Alphabet disappoints on sales as ad business slips after pandemic run-up
Alphabet Inc on Thursday posted fourth-quarter profit and sales short of Wall Street expectations as Google’s advertising clients pulled back spending from a period of pandemic-led excess.
Executives of the search and advertising giant adopted a subdued tone on a call with investors, promising an extended period of belt-tightening, particularly on hiring, real estate costs and experimental projects that can take years to reach fruition.
Shares of Alphabet were down nearly 5 percent in after-hours trading, after losing about 40 percent of their value in 2022.
“We are committed to investing responsibly with great discipline and defining areas where we can operate more cost- effectively,” chief executive Sundar Pichai told analysts on a call to discuss the company’s results. That echoed comments from Meta Platforms Inc boss Mark Zuckerberg the previous day on cost efficiencies.
Shares of other tech companies Apple Inc and Amazon.com Inc also fell after they posted disappointing results on Thursday, wiping off gains after Facebook parent Meta on Wednesday boosted tech shares with news on cost cuts and a large buyback.
Gone was some of the exuberance of the pandemic when consumers flocked to the internet amid lockdowns and heightened interest in e-commerce and touchless deliveries.
Alphabet’s chief financial officer, Ruth Porat, promised a more measured approach for 2023 and a focus on “delivering sustainable financial value,” not necessarily a hallmark of Silicon Valley firms. “We’re focused on revenue upside as well as durable changes to the expense base.”
Advertisers, who contribute the bulk of Alphabet’s sales, have cut their budgets as rising inflation and interest rates fueled concern over consumer spending.
Pichai pointed to advertisers’ more modest spending and the impact of foreign exchange rates abroad as drags on Alphabet’s overall results.
He said artificial intelligence (AI) software will be an important focus for the company and that it plans to make its LaMDA chatbot software publicly available in the coming weeks.
Lid on costs
Mountain View, California-based Alphabet decided to cut 12,000 jobs last month, representing about 6 percent of its overall workforce, and said it was doubling down on AI.
Alphabet, long a leader in AI, is facing competition from Microsoft Corp, which is reportedly looking to boost its stake in ChatGPT – a promising chatbot that answers queries with human-like responses.
“Despite being seen as one of the most insulated companies in the advertising space relative to peers, Alphabet’s poor quarter is the latest sign that worsening fundamentals and a tough macroeconomic environment are prompting advertisers to cut back on spending,” said Jesse Cohen, senior analyst at Investing.com.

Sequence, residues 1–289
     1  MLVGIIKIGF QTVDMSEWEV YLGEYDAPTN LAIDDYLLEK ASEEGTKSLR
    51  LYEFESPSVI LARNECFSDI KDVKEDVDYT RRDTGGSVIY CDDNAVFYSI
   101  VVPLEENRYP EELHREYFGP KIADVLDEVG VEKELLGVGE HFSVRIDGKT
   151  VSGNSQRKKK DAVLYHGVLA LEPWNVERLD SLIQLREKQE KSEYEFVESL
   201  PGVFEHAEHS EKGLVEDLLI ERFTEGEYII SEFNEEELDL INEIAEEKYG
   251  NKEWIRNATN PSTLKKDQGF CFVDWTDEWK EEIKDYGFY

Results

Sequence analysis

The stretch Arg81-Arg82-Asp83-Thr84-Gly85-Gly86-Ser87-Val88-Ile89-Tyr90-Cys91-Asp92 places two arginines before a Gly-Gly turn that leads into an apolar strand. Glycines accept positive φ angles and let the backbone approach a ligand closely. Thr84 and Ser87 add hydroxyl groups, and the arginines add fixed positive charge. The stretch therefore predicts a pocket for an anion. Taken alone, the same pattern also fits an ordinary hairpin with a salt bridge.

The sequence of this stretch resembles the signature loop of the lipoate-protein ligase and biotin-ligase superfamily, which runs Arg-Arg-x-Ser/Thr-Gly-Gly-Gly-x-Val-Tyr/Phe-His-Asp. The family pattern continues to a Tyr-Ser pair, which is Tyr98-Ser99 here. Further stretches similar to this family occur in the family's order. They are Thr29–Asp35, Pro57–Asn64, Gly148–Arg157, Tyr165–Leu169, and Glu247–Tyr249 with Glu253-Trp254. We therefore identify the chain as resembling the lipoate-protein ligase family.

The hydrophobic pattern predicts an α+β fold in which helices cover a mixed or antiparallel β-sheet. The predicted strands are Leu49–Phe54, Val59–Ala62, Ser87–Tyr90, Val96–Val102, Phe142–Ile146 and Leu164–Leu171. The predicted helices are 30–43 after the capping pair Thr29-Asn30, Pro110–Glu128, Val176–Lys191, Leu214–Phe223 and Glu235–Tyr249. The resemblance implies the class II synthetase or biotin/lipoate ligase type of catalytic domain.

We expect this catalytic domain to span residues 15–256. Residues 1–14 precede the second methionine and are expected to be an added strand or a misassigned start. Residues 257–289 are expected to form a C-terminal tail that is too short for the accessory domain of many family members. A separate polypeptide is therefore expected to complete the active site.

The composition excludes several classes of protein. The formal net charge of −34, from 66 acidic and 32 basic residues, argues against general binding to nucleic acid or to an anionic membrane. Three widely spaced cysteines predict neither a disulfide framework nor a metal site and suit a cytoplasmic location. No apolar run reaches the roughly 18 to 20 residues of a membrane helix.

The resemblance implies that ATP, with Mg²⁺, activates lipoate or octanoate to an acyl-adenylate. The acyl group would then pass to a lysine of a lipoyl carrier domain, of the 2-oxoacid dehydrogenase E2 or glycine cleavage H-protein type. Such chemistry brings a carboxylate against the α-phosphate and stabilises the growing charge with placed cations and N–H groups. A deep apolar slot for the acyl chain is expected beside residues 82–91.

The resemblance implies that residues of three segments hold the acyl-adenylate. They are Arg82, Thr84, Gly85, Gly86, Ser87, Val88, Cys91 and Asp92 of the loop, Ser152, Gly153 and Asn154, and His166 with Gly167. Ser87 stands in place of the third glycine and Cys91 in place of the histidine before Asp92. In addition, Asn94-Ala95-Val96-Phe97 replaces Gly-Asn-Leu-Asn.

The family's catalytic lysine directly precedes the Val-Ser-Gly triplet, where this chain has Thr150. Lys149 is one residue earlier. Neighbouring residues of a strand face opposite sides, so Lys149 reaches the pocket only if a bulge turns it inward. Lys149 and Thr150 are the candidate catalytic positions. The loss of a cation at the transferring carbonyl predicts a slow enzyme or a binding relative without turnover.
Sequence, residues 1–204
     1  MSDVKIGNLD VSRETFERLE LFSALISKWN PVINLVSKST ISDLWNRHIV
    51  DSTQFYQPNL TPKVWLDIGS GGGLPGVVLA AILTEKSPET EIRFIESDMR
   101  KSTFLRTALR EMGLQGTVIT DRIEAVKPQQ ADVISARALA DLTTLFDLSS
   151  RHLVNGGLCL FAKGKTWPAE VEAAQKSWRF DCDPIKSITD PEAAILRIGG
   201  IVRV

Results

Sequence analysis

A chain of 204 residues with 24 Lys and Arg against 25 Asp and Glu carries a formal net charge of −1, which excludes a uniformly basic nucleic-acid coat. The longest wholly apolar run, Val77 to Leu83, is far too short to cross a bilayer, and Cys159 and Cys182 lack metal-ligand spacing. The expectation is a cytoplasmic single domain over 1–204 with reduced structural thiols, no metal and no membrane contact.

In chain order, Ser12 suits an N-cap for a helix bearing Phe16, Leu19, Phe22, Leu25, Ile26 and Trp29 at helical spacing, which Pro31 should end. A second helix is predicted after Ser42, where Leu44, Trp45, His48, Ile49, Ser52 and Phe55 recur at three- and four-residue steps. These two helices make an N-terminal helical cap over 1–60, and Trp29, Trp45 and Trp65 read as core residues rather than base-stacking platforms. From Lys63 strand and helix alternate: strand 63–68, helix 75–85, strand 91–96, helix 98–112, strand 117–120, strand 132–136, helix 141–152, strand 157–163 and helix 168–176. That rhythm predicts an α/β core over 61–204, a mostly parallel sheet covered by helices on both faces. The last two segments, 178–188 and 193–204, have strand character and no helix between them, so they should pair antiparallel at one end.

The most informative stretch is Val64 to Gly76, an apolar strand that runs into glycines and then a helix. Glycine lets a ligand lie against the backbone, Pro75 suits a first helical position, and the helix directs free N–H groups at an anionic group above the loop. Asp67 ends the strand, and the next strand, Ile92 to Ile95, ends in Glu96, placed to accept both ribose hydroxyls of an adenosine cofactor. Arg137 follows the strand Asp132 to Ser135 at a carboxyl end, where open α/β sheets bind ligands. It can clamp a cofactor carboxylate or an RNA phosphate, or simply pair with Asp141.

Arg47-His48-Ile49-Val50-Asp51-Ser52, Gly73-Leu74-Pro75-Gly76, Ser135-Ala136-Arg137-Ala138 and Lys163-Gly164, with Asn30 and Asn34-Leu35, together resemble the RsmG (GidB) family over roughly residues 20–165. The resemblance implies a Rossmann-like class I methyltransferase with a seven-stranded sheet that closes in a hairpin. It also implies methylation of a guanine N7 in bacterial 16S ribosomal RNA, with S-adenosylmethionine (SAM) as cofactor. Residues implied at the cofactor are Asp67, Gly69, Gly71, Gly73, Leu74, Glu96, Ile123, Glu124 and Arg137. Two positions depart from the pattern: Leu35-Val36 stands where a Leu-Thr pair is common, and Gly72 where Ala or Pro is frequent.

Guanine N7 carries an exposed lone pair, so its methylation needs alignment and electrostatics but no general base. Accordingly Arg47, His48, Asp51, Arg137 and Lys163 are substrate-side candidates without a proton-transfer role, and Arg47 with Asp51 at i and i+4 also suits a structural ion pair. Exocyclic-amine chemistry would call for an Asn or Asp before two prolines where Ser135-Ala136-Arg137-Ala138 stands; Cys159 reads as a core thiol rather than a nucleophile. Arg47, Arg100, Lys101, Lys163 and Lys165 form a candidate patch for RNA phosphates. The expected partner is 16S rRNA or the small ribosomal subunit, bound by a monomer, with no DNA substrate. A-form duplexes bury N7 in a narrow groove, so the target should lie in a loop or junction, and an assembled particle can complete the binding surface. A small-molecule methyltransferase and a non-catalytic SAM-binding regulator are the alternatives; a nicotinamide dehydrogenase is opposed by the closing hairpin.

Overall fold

Net income fell to $13.62 billion, or $1.05 per share, from $20.64 billion, or $1.53 per share, a year earlier. That was the sharpest decline for Alphabet in four quarters.
Adjusted profit of $1.05 per share fell short of an expected $1.18 per share, according to Refinitiv.
Revenue from Google advertising, which includes Search and YouTube, fell 3.6 percent to $59.04 billion. Total revenue rose 1 percent to $76.05 billion, its slowest growth ever barring a small decline in the second quarter of 2020. Analysts were expecting $76.53 billion.
Google is the world’s largest digital ad platform by market share, making it uniquely susceptible to fluctuations in online marketing spending. Its YouTube division has faced a surge in rival platforms, particularly TikTok, whose endless scroll of short video is drawing younger users away.
Alphabet’s Porat said the company’s total capital expenses this year will be in line with last year. As more of its employees work remotely and it consolidates staff, Alphabet expects to pare back its real estate expenses, which Porat said would result in a charge of roughly a half-billion dollars in this year’s first three months.
Revenue from YouTube ads, one of Alphabet’s most consistent money-makers, fell nearly 8 percent to $7.96 billion, well below the estimate of $8.25 billion, according to FactSet.
Cloud was a bright spot, however, with revenue growing 32 percent to $7.32 billion, but at its slowest pace since the company began disclosing the segment’s revenue numbers.
But there may be more pain ahead for Alphabet. Late last month, the Justice Department and eight states sued Google over what they said were anticompetitive practices in its digital ad sales. The company is facing multiple lawsuits, which, if successful, could cause it to be broken up.
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